• Oblivion is inevitable
• first Okay Okay
• the sad swing set
• Gus’ first experience on an airplane
• Egging the ex’s car
• Picnics with the skeleton
• the eulogy
• the end

With all of that being said, I give the film, The Fault in Our Stars, 5/5.

It’s the result of excellent casting, moving performances, awesome screenwriting, great soundtrack, and TLC that made The Fault in Our Stars film thought-provoking, rememberable, and wonderfully faithful to the book. Could I re-watch this film again and again? I think so, just give me a minute…

As for the Q&A and live performances, short story: it was a lot of fun! I think John Green stole the show. I particularly loved his response to “how do you feel about killing off your characters?’.  I thought the cast was very thoughtful in their responses, and the live performances by Birdy, and Nat and Alex Wolff were spectacular. There were slight technical difficulties with the Wolff bros, but they played through it like pros. Hey, that kind of rhymes. Heh.

Anyways, go watch the movie. Bring tissues.

Behind the Scenes

1. Moleskine notebook | 2. iPad | 3. Rocketfish tripod | 4. Canon 60D, 18-135mm lens | 5. Camera remote
6. Final Cut Express | 7. After Effects | 8. Photo Basics soft box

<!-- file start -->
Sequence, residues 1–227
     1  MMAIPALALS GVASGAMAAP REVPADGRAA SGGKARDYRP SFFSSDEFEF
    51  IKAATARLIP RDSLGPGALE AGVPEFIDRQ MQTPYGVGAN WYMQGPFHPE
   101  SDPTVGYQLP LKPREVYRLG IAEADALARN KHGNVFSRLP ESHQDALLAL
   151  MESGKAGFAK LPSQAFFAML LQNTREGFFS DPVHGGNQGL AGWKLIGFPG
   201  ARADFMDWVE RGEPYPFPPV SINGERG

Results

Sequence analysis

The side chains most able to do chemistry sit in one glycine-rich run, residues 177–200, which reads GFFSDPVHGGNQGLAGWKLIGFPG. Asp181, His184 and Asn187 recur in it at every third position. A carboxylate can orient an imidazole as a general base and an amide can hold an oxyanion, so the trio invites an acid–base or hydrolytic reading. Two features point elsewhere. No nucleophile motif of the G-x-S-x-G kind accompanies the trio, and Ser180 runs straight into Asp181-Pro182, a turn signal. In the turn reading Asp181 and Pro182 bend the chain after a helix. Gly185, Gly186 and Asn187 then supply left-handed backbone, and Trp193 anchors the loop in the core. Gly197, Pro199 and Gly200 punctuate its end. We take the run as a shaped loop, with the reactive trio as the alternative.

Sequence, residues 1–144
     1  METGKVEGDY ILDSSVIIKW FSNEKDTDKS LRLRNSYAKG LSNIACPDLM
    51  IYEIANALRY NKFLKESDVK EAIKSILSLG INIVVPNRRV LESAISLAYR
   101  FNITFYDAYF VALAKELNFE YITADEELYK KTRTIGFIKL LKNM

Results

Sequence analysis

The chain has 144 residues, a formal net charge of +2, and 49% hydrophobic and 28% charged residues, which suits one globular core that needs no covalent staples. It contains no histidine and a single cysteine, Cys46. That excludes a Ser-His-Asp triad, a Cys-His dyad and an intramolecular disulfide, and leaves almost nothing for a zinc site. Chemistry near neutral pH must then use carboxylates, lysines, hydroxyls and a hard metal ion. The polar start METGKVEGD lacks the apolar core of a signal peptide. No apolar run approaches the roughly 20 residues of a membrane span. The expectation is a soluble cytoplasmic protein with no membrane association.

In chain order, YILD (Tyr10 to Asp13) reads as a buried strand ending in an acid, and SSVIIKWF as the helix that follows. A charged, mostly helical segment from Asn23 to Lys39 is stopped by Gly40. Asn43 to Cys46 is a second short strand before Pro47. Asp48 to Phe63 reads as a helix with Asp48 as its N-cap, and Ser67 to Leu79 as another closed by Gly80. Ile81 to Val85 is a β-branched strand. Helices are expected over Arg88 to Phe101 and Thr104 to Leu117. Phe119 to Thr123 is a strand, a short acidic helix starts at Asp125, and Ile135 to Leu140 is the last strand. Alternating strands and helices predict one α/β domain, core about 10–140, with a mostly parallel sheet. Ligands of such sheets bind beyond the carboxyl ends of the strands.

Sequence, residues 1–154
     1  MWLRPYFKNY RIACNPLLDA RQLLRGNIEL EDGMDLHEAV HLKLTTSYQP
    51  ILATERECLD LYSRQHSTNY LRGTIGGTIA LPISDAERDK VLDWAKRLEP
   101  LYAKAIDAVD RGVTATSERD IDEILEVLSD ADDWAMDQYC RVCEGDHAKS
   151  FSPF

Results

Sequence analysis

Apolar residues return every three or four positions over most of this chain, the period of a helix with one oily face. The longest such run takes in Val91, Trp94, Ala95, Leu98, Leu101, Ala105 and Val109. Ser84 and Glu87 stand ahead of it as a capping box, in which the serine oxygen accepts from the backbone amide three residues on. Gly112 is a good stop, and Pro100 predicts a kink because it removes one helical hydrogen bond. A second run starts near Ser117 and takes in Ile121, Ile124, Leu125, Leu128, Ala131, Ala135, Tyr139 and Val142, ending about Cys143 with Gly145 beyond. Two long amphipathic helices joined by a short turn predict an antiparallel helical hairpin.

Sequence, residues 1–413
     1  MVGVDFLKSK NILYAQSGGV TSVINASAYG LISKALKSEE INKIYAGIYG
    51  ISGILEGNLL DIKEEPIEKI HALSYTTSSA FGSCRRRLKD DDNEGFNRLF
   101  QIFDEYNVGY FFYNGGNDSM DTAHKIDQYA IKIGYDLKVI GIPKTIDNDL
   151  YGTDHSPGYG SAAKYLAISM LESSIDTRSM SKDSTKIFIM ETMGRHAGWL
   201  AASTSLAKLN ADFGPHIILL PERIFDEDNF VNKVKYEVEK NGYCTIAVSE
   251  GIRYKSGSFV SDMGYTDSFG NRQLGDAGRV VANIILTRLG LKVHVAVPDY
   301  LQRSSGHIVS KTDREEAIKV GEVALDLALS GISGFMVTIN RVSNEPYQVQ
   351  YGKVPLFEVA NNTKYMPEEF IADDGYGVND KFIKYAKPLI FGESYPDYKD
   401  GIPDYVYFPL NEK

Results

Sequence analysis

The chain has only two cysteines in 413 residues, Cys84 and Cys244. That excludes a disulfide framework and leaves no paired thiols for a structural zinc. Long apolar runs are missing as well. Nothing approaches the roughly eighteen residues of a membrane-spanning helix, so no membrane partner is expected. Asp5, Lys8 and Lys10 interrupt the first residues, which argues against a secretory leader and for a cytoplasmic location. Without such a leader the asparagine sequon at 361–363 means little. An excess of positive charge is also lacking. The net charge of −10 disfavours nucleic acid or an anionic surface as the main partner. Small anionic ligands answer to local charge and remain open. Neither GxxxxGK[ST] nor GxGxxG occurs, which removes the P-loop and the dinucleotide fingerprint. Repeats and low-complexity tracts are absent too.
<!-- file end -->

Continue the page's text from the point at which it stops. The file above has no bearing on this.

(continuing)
This is the Behind the Scenes tag created by readbyzoe and WhittyNovels. I’ve received quite a few questions regarding the equipment and programs I use, so I thought this was a great tag to address that, as well as other questions.

1. Where do you find inspiration for your videos?
Mostly from other booktubers and videos going on in the community. Sometimes I get ideas scrolling through my tumblr dashboard, or checking out lifestyle, design, and book blogs. So pretty much everywhere.

2. Do you have a word document/notebook/etc. dedicated to video ideas?
Yes. I have a green Moleskine graph paper notebook to keep track of what kind of videos I want to do. I also have several text documents on my computer noting different tags I need to do, and books I want to read.

3. How do you prep for a video?
I usually write notes in my iPad about what I want to say. I also want to look somewhat decent, so I touch up my makeup/face/hair. I also set up my tripod and softbox.

4. How long does it take for you to prepare your appearance for a video?
Usually 10-15 minutes, mostly used to fix my hair. It’s thick and unruly—I have a love-hate relationship with it.

5. What time of day do you film?
Weekdays, after work, between 7-8pm.

6. Show/tell us where you film.